Key characteristics for success

  • Interest and passion in translating research into life-saving treatments
  • Critical thinker and strong problem solver
  • Serious attention to detail
  • Highly conscientious and very organized: projects/emails do not get dropped
  • Self-starter and interest in entrepreneurial pursuits
  • Strong at finishing tasks
  • Quick turn around time for email communications (24-48 business hours)
  • Is a Penn Med student


  1. Improve the speed with which projects go from concept to results by working with the Executive Director to improve organizational efficiency and by turning around tasks as quickly as possible
  2. Establish and execute a clear Project Management strategy
  3. Assist with all organizational operations, including talent planning and strategic planning
  4. Co-author at least one (hopefully more) article in a peer-reviewed journal


  • $32,000 over 1 year for MS3s
  • MS3s would be expected to take a year off to work full-time on this fellowship and research with Dr. Fajgenbaum

Application process

  • Contact Amber Cohen to express your interest and ask questions (optional)
  • Fill out the Biomedical Leadership Fellowship application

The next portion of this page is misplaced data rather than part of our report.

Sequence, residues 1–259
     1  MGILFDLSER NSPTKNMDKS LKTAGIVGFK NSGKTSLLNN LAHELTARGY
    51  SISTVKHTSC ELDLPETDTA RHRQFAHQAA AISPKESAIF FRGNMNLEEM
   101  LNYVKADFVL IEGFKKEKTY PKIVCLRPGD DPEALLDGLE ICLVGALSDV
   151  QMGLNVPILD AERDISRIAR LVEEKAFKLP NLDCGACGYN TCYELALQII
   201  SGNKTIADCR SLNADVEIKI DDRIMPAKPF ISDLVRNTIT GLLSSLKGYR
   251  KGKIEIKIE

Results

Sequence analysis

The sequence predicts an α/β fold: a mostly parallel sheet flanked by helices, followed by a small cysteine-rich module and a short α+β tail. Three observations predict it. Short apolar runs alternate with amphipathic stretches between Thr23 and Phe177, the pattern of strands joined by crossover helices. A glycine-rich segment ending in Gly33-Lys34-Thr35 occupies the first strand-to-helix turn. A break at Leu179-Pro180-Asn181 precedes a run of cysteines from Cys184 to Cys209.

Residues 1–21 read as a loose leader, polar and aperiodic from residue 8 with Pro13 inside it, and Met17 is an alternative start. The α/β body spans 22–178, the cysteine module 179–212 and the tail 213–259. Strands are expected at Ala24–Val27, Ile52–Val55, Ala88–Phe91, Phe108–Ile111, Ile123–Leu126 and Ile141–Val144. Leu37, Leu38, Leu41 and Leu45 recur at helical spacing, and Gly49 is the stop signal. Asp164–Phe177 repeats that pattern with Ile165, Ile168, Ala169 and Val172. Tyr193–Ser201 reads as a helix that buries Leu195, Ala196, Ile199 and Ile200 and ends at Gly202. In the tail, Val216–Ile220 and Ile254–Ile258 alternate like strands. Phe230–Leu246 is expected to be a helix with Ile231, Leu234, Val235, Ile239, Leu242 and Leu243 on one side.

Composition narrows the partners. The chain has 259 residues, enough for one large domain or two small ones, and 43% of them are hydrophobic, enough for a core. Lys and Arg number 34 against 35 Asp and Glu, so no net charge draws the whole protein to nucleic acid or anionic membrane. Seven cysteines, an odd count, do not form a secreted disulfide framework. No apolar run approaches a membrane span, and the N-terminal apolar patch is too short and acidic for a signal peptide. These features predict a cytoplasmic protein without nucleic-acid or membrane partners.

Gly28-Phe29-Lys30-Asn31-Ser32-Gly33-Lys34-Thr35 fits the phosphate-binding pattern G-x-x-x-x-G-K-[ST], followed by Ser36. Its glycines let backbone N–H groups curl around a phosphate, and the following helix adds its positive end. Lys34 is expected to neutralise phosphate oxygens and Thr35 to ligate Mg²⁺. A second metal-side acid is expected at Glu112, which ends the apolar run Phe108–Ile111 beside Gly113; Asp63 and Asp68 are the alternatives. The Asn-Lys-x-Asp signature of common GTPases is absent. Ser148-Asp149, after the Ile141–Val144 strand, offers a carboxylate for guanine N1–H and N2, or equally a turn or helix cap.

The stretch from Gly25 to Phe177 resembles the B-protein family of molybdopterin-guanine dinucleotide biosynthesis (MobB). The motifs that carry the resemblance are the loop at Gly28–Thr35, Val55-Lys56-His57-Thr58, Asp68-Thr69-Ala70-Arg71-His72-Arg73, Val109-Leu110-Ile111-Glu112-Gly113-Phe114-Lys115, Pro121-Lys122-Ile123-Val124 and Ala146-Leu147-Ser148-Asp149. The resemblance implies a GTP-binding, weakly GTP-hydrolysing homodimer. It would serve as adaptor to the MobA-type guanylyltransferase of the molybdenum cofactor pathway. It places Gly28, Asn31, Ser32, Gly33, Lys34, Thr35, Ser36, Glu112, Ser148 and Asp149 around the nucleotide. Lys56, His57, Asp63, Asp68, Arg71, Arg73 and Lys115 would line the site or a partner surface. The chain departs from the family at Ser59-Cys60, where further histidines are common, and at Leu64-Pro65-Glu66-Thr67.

• Dr. Fajgenbaum will conduct interviews on a rolling basis
  • Applications are accepted on a rolling basis from September 2022 until September 2023; early applications strongly preferred, and the winning BLF may be selected before the deadline.
  • Start date: Flexible—Start date anytime between January 2023-September 2023.

Learn more

Previous Biomedical Leadership Fellows:

Alexis Phillips was the CDCN Biomedical Leadership Fellow (BLF) from 2020-2021. In her role as BLF, she participated in research projects investigating the involvement of mTOR-complex 2 in idiopathic multicentric Castleman disease (iMCD) and studying quantitative characteristics of iMCD lymph nodes. She also led the CDCN’s All in Movement (AIM) 2021 to crowdsource research ideas from the Castleman disease community and co-led phase 2 of the CORONA project to identify and prioritize promising COVID-19 drugs for investigation in randomized controlled trials. Alexis hopes to use the leadership and research skills she gained as BLF in a future career in academic medicine.